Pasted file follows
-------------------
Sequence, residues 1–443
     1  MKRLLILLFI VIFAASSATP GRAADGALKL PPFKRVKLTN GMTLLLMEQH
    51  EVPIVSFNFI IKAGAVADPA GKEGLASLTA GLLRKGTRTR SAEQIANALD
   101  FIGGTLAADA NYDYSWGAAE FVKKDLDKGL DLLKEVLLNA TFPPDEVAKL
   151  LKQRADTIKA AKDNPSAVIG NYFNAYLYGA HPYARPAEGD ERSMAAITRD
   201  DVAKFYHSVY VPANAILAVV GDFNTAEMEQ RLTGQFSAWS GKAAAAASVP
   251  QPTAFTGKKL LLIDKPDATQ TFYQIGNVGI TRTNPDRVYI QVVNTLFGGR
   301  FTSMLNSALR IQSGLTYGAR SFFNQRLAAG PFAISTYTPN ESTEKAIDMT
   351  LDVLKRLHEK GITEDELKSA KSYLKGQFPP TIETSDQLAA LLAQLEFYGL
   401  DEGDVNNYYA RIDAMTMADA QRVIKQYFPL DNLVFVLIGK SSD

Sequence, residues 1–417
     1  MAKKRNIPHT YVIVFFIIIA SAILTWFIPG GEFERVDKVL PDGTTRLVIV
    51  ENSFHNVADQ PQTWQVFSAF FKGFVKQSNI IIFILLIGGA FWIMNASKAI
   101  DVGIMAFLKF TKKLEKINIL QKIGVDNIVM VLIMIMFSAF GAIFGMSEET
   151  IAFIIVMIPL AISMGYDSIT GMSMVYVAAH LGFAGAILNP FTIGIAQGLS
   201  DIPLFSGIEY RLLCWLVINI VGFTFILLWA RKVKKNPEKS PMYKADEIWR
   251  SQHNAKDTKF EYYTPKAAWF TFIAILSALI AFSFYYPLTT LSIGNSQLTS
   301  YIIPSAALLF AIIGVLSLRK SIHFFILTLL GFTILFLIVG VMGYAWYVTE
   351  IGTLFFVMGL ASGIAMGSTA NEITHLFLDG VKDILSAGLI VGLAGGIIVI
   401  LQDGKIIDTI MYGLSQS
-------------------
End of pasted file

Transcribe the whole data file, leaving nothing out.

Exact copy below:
Sequence, residues 1–443
     1  MKRLLILLFI VIFAASSATP GRAADGALKL PPFKRVKLTN GMTLLLMEQH
    51  EVPIVSFNFI IKAGAVADPA GKEGLASLTA GLLRKGTRTR SAEQIANALD
   101  FIGGTLAADA NYDYSWGAAE FVKKDLDKGL DLLKEVLLNA TFPPDEVAKL
   151  LKQRADTIKA AKDNPSAVIG NYFNAYLYGA HPYARPAEGD ERSMAAITRD
   201  DVAKFYHSVY VPANAILAVV GDFNTAEMEQ RLTGQFSAWS GKAAAAASVP
   251  QPTAFTGKKL LLIDKPDATQ TFYQIGNVGI TRTNPDRVYI QVVNTLFGGR
   301  FTSMLNSALR IQSGLTYGAR SFFNQRLAAG PFAISTYTPN ESTEKAIDMT
   351  LDVLKRLHEK GITEDELKSA KSYLKGQFPP TIETSDQLAA LLAQLEFYGL
   401  DEGDVNNYYA RIDAMTMADA QRVIKQYFPL DNLVFVLIGK SSD

Sequence, residues 1–417
     1  MAKKRNIPHT YVIVFFIIIA SAILTWFIPG GEFERVDKVL PDGTTRLVIV
    51  ENSFHNVADQ PQTWQVFSAF FKGFVKQSNI IIFILLIGGA FWIMNASKAI
   101  DVGIMAFLKF TKKLEKINIL QKIGVDNIVM VLIMIMFSAF GAIFGMSEET
   151  IAFIIVMIPL AISMGYDSIT GMSMVYVAAH LGFAGAILNP FTIGIAQGLS
   201  DIPLFSGIEY RLLCWLVINI VGFTFILLWA RKVKKNPEKS PMYKADEIWR
   251  SQHNAKDTKF EYYTPKAAWF TFIAILSALI AFSFYYPLTT LSIGNSQLTS
   301  YIIPSAALLF AIIGVLSLRK SIHFFILTLL GFTILFLIVG VMGYAWYVTE
   351  IGTLFFVMGL ASGIAMGSTA NEITHLFLDG VKDILSAGLI VGLAGGIIVI
   401  LQDGKIIDTI MYGLSQS